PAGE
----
TABLE 2 Example Structure 1 96% NY2 ADH9 80% NY1 aNY1 80% NY1 ADH6 90% PO8 48% PO8  2% MB2 20% 20% 10% 48% PO7  2% MB1 aNY1 aNY1 PO10  4% MB4 0.52 0.76 0.26 0.8 0.26 0.32 0.76 0.32 2 96% NY2 ADH9 80% NY1 aNY1 80% NY1 ADH6 90% PO8 48% PO8  2% MB2 20% 20% 10% 48% PO7  2% MB1 aNY1 aNY1 PO10  4% MB4 0.59 1.08 0.29 0.45 0.29 0.36 1.08 0.36 2a 96% ADH9 80% NY1 aNY1 80% NY1 ADH6 90% PO8 48% PO8 aNY1 20% 20% 10% 48% PO7  2% MB2 aNY1 aNY1 PO10  4% MB4  2% MB1 0.52 0.76 0.26 0.8 0.26 0.32 0.76 0.32 Comp. 96% NY2 ADH9 80% NY1 ADH6 80% NY1 ADH6 90% PO8 48% PO8 2  2% MB2 20% 20% 10% 48% PO7  2% MB1 aNY1 aNY1 PO10  4% MB4 0.46 0.87 0.23 0.28 0.23 0.28 0.87 0.28 Comp. 96% NY2 ADH9 85% NY3 ADH6 85% NY3 ADH6 90% PO2 96% PO8 3  2% MB2 15% 15% 10%  4% MB4  2% MB1 aNY1 aNY1 PO10 0.59 1.12 0.29 0.45 0.29 0.36 1.04 0.36

Examples 1, 2, and 2a were evaluated for their machinability characteristics versus Comp. Examples 2 and 3. Example 2a contained an amorphous polyamide outer layer as well as a core layer of amorphous polyamide. This film did not “machine”, i.e. track on the package machine, very well. The amorphous polyamide outer layer, in this case a surface layer of the film, resulted in sticking along the horizontal jaws of the machine. This problem prevented any extended runs. Example 1, with an amorphous polyamide core forming 20% of the total film thickness, ran without any problems at 40 packages/minute. The added stiffness provided by the amorphous polyamide appeared to assist with cutting and any stretching resulting at the horizontal jaws. In order to attain the optimum vertical seal appearance, the platen seal bar of the machine was coated with Teflon™ tape. The Teflon along with the 20% amorphous polyamide core did result in higher operating temperatures; however, this did not adversely affect the seals or the machining of this structure. Example 2, with an amorphous polyamide core forming 10% of the total film thickness, ran very similar to Example 1, showing no signs of any problems. Teflon tape was still needed to attain the optimum vertical seal appearance.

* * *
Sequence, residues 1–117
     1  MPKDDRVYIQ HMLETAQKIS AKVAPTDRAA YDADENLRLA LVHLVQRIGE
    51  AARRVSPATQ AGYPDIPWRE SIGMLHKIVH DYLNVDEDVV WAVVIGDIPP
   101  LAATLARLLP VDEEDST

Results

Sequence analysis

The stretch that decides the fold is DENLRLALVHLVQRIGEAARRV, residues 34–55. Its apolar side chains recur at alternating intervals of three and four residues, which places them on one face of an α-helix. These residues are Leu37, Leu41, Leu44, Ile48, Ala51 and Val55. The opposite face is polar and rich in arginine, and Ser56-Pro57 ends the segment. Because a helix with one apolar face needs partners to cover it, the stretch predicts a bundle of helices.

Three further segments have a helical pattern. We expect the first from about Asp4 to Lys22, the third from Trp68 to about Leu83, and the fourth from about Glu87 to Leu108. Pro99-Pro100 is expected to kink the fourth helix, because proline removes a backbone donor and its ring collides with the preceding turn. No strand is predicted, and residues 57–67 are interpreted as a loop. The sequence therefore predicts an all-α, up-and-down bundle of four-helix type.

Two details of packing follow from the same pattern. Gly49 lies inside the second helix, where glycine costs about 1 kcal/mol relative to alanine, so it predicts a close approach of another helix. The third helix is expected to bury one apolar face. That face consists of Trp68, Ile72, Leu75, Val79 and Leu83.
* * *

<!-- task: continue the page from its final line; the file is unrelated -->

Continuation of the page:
All three film structures exhibited significant abuse and puncture resistance which was tested on an Burst Tester. The Burst Tester is constructed as follows. Upper and lower rectangular metal plates are mounted on a two-piece hinged welded aluminum frame. Upper and lower “arms” of the framework are each about 26″ long and form a rigid “lever arm” for the mounting of the two rectangular plates. The plates are mounted so that their surfaces will mate when the “arms” are brought together. The plates are positioned about 3″ from the hinge on the arms of the welded frame leaving about 12″ to 14″ protruding on the opposite side of the plates for extra leverage. The upper plate measures 15″×8¾″; the lower plate measures 14″×8″. In the exact centroid of the upper plate is a circular opening covered by a rubber diaphragm to which a pressure-transducing tube is attached, and in turn connected to an Aschcroft™ pressure gauge which protrudes above the top plate. The purpose of this arrangement is to generate a hydrostatic or pneumatic pressure within sealed, filled test pouches by squeezing the lever arms together in a bellows fashion. The induced pressure in the test sample is in turn transferred through the pressure transducing tube mounted in the circular opening drilled in the upper plate, to the pressure gauge, allowing a quantitative psig reading to be taken.